The narrator of "Manholes" appears to be a female, though this is never stated. She is wry, alienated, and dispassionate as she relates going to a party for a friend named Elia, who is about to be sent to Iraq with Doctors without Borders. At the party, the narrator see...
The narrator of "Manholes" appears to be a female, though this is never stated. She is wry, alienated, and dispassionate as she relates going to a party for a friend named Elia, who is about to be sent to Iraq with Doctors without Borders. At the party, the narrator see other friends. She feels inadequate about her ambitions amid her crowd of hard-driving, intellectual young people who clearly see themselves as part of the social elite.
At the party, the narrator gets into a fight with John over philanthropy. Not long afterwards, John, who is playing chess, falls and has a freak accident in which he hits his head and dies. Later, the narrator and her friends from the party attend John's funeral. They also attend a reception afterwards. At the reception, the narrator and Sibs are caught by John's mother having sex in the bathroom. When Sibs lights up a joint, a funeral home employee tries to throw him out. Sibs protests, but they all leave when John's mother angrily orders them to get out. The ending is cryptic:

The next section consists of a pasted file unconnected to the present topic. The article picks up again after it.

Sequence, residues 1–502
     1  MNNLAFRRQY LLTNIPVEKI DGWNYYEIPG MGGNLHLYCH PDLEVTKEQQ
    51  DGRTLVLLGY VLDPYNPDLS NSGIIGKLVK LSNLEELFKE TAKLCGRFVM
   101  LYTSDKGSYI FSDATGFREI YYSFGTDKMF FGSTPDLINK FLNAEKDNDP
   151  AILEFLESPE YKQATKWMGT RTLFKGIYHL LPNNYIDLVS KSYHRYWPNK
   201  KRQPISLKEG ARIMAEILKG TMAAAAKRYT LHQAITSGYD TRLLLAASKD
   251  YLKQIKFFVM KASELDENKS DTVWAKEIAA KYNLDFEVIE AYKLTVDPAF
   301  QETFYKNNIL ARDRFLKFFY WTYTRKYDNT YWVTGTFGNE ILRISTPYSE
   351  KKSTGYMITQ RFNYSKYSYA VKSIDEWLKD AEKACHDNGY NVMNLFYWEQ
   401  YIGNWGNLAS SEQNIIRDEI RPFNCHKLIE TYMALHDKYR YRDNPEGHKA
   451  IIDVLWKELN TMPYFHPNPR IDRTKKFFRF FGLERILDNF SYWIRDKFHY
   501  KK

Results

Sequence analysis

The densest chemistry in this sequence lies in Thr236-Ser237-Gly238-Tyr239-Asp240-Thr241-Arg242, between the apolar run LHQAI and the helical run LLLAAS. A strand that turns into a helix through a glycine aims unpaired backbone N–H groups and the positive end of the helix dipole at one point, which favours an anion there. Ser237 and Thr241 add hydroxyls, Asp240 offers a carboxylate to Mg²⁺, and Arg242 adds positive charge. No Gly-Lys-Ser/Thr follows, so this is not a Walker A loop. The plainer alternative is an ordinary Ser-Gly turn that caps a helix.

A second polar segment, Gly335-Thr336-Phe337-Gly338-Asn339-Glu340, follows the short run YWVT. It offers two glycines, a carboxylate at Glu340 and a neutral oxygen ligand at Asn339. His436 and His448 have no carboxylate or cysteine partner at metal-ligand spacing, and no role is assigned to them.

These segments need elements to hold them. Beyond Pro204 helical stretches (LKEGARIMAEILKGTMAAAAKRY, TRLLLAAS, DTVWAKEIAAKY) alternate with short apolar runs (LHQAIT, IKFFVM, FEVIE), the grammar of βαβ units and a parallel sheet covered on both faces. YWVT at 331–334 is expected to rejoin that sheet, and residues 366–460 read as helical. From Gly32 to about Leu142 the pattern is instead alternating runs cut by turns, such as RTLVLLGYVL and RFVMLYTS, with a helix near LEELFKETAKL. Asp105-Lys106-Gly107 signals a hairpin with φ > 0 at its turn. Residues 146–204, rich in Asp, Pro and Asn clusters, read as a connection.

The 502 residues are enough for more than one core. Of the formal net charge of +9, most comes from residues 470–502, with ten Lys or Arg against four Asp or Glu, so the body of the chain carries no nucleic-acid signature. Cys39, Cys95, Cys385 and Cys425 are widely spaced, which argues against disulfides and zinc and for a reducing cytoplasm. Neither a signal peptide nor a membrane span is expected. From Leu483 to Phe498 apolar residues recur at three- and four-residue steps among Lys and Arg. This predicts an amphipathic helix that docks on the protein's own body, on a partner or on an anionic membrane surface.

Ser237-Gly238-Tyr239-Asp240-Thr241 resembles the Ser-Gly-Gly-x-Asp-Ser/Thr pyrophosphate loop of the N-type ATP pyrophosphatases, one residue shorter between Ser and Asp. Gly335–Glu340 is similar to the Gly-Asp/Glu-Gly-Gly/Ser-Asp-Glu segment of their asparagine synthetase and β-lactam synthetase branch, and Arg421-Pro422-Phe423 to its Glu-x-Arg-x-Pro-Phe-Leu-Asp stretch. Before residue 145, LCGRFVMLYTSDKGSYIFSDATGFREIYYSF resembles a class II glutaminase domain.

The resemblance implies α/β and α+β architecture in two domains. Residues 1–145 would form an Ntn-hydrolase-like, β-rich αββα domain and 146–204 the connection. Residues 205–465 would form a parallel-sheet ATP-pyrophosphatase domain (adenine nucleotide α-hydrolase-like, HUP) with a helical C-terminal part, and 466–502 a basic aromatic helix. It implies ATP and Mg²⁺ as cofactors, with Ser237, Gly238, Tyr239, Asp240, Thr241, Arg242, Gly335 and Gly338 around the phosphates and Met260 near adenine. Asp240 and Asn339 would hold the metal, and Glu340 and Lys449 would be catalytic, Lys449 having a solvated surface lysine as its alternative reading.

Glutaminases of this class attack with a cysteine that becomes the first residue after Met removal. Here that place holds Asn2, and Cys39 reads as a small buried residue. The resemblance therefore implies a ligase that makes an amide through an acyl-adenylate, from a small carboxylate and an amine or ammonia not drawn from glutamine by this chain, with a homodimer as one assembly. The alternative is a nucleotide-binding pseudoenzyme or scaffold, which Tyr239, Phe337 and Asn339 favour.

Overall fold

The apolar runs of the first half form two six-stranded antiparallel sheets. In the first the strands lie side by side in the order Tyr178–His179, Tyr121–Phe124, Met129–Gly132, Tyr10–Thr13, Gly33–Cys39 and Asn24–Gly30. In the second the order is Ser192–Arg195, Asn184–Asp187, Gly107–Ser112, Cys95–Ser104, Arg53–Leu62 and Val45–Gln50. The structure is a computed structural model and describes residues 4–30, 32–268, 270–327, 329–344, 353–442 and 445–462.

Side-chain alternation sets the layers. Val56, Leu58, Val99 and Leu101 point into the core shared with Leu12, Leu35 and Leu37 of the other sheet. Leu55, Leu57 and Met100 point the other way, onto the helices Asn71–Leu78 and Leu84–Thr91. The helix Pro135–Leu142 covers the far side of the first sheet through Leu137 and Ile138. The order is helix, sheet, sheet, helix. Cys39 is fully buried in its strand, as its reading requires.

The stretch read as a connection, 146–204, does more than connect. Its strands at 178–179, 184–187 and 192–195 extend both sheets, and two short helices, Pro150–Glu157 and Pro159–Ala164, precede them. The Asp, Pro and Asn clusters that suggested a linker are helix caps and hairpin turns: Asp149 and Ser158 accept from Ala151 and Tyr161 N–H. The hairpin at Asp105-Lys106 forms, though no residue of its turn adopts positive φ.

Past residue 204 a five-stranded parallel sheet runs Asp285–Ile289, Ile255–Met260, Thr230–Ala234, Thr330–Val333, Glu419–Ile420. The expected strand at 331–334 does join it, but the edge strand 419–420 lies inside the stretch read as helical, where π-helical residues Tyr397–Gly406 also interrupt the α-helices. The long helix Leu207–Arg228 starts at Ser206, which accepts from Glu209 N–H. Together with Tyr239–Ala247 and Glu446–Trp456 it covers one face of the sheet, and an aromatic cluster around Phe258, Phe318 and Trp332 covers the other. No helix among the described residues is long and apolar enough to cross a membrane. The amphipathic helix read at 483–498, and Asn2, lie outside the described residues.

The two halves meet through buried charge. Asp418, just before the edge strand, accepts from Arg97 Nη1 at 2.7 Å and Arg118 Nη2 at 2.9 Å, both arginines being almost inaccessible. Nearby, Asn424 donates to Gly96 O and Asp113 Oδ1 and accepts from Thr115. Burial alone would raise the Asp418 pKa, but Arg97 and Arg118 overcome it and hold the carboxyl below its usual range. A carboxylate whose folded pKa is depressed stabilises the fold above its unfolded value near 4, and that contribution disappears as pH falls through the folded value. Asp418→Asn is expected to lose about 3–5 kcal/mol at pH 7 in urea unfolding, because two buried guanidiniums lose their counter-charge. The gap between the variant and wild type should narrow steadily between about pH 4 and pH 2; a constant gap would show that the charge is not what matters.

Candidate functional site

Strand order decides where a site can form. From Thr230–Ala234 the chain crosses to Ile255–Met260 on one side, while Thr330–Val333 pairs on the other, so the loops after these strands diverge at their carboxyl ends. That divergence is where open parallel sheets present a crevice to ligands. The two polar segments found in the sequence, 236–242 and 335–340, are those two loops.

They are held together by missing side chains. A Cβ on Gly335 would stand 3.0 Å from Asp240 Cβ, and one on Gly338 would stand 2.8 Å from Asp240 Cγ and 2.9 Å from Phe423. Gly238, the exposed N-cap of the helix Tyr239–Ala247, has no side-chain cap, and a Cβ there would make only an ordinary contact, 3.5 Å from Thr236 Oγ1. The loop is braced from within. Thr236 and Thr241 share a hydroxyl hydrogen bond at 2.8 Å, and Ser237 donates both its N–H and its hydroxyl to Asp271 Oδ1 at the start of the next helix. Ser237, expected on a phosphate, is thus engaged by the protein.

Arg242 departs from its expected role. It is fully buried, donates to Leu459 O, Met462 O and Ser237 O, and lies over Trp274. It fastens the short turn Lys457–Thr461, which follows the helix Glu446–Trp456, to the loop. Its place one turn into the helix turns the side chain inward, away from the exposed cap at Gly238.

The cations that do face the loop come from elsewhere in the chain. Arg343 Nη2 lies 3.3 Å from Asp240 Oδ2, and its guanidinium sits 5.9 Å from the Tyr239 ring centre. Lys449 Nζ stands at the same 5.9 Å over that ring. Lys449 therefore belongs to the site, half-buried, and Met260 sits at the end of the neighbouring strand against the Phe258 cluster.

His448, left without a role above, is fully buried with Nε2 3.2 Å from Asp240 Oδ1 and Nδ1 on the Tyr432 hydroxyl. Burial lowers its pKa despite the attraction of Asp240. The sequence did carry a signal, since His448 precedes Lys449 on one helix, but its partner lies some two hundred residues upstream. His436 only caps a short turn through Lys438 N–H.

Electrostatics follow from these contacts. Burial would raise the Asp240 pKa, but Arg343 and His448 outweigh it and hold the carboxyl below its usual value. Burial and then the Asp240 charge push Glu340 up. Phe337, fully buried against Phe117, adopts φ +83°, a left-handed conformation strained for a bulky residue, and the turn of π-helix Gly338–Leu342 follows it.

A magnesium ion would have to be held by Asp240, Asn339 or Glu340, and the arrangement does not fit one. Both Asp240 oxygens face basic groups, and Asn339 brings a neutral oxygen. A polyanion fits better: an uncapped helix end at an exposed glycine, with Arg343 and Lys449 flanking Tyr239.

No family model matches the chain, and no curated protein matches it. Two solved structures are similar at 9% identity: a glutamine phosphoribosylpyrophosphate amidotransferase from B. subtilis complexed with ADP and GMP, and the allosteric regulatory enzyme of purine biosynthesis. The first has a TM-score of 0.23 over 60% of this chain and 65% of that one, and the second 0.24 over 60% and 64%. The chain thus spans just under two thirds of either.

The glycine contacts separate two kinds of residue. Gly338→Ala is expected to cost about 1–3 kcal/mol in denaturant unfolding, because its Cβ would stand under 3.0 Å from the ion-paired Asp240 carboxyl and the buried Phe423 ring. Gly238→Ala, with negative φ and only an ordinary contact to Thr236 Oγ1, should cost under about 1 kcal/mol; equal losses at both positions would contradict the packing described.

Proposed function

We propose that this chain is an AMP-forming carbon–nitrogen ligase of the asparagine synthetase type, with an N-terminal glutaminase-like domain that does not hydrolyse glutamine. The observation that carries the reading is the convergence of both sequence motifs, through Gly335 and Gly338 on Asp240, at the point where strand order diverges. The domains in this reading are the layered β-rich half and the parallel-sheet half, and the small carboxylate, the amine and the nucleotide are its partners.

We were all standing on manholes. Every now and then the manhole would give way under someone’s feet and they disappeared. We knew that we were going to disappear too but our feet felt so firmly grounded until they weren’t.
Looking at the story through a feminist lens we see that men dominate the conversation in the story, from Elia at the beginning to Aura's boyfriend, who the narrator says:
talked at me about my future, ‘it seems to me like your life is funded by the patriarchy. Wouldn’t you be happier doing something for yourself, you know, I’m sure you’re a feminist and all’.
Aura's boyfriend talks "at" people in a patronizing way and gives out unsolicited advice, as if it is his male prerogative to do so.
Also, the narrator backs down during her conflict with John. Rather than wanting to devote her energy to winning, she gives way, and explains "I looked at my phone and walked away pretending that I urgently needed to message." In this way, she protects the male ego. Her friend Jan urges her to make amends, though John has his accident before the narrator can do this.
Finally, the ending suggests that the patriarchy they all stand on is unstable, a "manhole" that anyone could fall through at any time. The narrator seems unhappy in this world of male dominance, ambition, and one-upmanship.